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Yet another new trailer for next month's The Dark Knight Rises has been released, showing a bit more of this and that, explosions, fights, etc. Obviously we've seen enough teases of the movie at this point that another one isn't all that exciting, but we are trying to keep our enthusiasm level up as much as possible. Because, much like he's the rescuing crusader of this franchise, Batman may be the summer's last hope.

There's been much grumbling this summer — and, OK, spring, which has really become an extension of the summer movie season — about the failure of so-called tentpole films. And indeed there have been some epic catastrophes. Of course the movie that first comes to mind is Disney's spectacularly dismal John Carter, a misguided-from-the-very-beginning space opera project that couldn't even drum up excitement for the sight of Taylor Kitsch in a loin cloth. And after that came Battleship, and the dreadful Dark Shadows, and a disappointing Men In Black 3 (which has done far better overseas). MIB isn't exactly an enormous bomb the way the other three were, but for a Will Smith summertime alien-o-rama, it's certainly been more anemic than hoped for.

But box office isn't really our concern. The massive success of The Avengers has helped, somewhat, to offset losses elsewhere, and really who cares anyway? We're not getting any of that money, and we'd probably actually prefer the studios get scared away from these too-big warm weather tentpoles. Once in a while, these movies are fine, but not practically every damn weekend for four months. No, our main concern is, selfishly, entertainment. And in that regard, this spring/summer Big Movie season has so far been a glum disappointment. The two films we were probably most looking forward to were the cool, dark-seeming Snow White and the Huntsman and the scary, ominous Prometheus. Both failed to deliver.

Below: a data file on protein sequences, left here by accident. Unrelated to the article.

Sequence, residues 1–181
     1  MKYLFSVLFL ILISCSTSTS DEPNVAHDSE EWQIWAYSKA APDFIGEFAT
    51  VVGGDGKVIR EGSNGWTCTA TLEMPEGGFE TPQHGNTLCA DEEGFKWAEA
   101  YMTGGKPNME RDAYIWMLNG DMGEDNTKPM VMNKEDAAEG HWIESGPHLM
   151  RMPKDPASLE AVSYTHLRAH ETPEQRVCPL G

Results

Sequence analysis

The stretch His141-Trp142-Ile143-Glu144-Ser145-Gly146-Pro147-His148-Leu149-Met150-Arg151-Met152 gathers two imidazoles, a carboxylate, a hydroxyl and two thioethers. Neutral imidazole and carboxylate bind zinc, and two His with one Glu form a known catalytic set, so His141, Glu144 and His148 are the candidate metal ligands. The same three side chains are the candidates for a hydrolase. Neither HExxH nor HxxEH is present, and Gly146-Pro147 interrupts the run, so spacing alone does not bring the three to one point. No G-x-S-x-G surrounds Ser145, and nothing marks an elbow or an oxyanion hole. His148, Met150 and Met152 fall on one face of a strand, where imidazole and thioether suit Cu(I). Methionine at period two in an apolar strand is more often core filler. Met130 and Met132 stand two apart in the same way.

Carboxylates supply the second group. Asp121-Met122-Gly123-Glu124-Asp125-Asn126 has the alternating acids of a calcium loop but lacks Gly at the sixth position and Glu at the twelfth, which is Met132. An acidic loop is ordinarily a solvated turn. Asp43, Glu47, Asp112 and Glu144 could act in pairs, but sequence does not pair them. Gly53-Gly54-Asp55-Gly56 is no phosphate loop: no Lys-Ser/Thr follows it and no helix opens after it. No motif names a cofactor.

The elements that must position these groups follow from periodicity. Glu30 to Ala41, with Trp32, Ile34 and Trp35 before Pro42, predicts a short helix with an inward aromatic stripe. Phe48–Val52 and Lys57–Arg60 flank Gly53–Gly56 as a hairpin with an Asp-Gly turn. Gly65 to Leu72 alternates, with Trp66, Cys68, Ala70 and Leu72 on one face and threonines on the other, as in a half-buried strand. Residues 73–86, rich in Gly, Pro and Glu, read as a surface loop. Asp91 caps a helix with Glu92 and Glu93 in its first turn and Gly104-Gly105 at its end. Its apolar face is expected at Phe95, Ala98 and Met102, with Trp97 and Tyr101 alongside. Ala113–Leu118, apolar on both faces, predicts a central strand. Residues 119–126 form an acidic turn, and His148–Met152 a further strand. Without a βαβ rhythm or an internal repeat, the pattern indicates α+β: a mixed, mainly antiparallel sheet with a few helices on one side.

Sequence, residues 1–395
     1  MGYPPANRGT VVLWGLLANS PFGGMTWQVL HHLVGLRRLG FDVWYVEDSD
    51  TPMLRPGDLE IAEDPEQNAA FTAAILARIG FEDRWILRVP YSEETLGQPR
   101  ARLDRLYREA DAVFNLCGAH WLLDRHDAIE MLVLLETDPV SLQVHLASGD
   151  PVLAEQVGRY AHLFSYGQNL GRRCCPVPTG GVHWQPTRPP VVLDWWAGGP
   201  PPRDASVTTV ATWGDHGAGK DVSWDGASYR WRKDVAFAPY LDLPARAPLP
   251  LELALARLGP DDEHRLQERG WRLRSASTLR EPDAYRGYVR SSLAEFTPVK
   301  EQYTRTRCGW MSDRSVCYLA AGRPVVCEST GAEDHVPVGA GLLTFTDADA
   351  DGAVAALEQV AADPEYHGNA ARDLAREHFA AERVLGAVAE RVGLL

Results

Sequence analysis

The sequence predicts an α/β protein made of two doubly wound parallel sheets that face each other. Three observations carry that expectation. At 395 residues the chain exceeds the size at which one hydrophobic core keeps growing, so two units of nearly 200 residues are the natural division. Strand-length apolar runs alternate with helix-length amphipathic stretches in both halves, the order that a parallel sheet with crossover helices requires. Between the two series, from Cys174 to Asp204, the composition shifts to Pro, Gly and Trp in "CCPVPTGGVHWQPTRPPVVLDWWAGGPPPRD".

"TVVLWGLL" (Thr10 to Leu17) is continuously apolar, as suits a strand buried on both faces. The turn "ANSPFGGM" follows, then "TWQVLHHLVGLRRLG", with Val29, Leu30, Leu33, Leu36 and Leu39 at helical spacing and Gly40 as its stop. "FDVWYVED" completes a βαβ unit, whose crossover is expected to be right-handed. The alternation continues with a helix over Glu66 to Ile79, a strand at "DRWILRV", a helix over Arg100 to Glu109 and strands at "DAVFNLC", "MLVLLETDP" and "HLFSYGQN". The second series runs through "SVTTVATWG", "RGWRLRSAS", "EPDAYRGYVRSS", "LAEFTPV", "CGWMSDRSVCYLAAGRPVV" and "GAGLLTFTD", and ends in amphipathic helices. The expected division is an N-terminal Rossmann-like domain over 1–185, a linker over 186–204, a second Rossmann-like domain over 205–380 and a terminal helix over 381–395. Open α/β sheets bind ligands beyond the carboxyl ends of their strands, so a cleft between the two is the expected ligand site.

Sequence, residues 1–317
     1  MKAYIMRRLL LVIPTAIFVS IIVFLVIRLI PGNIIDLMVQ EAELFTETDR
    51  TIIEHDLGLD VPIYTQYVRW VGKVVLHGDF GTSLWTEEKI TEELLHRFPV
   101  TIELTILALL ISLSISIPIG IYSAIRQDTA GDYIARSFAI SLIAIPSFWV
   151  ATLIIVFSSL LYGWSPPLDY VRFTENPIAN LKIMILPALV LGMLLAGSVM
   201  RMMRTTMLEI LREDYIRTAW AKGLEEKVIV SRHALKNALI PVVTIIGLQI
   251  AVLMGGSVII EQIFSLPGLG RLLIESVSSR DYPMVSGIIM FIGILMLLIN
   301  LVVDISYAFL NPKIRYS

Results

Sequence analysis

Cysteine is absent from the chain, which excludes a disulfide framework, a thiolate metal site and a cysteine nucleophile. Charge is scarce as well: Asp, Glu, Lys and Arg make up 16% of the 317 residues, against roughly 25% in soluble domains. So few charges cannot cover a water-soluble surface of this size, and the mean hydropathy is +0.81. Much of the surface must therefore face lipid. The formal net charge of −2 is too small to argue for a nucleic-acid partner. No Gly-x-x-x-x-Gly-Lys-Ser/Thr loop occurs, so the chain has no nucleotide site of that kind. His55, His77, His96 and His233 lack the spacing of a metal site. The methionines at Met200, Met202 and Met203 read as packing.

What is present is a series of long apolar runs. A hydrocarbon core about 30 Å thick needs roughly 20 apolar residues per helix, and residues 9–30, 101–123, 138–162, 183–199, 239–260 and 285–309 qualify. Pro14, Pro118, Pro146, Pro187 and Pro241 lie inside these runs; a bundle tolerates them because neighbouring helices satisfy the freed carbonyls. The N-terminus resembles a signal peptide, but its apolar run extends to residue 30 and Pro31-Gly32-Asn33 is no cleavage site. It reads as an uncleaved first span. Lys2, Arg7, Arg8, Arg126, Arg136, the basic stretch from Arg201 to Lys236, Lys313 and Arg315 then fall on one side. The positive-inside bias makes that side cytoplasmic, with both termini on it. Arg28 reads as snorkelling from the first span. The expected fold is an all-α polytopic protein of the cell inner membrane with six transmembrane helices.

Snow White was an admirably ambitious misfire, the kind of movie that has the germs of a few good ideas but ultimately gets overwhelmed by its own flailing for grandeur and winds up in the mud. Charlize Theron was fierce and imperious as expected, and Chris Hemsworth continued to prove himself a budding megastar, but what we had hoped would be at least a little grownup, a little smarter than your average summer fare, ultimately proved more confused and erratic than anything else. It was a high-ish hope dashed on the rocks of mediocrity.

Though it pains us to say it, because we were so excited for this movie, Prometheus too let us down in the smart, grownup movie department. Ridley Scott shot a beautiful film, but the ultimately nonsensical script sank it, as did a perhaps too-good trailer. Nothing could've lived up to that thing! Well, no, that's not true. Something could have. Inception had cool trailers and then was even better as an actual movie. Same for The Dark Knight. Hm. See a pattern here?

Director Christopher Nolan has a pretty stellar summertime track record. He crafts those sorta-for-adults big movies that make the summer seem exciting and buzz-worthy. We thought Prometheus might be one of those films, but the post-premiere chatter was mostly "Wait, what?" and even that's died down. So basically a lot falls on The Dark Knight Rises. It obviously has its own internal expectations to live up to — it's the finale of a grand and elegant trilogy that has won Academy Awards and set box office records. But there is also the quality of our summer to be considered. If this movie isn't as good as we hope it is, if it's a letdown or is just kinda OK, what else do we have to salvage the summer movie season? The Avengers was great but there was nothing really to talk about with that movie. It was just big silly fun. We need something else, something with a little more weight to it.

Pixar's Brave is only looking so-so. The Amazing Spider-Man, though we've heard decent things about it, looks pretty terrible. There might be some hope for August's Total Recall, which has at least some fans. And there are of course movies on a slightly smaller scale, like Seth MacFarlane's comedy Ted and Oliver Stone's Savages. But in terms of big, impressive movies, Dark Knight Rises might be it. I know, I know, we shouldn't discount The Bourne Legacy, but that too feels a little smaller than what we're talking about. Let's call Bourne the last-stand fallback point should Dark Knight Rises prove a wreck.

Though, really, there's no indication it will. Nolan has made few missteps so far, and what we've seen of his latest looks good. But it's still a lot of pressure. In a summer of one big triumph and a bunch of scattered letdowns, we may need Batman more than ever.

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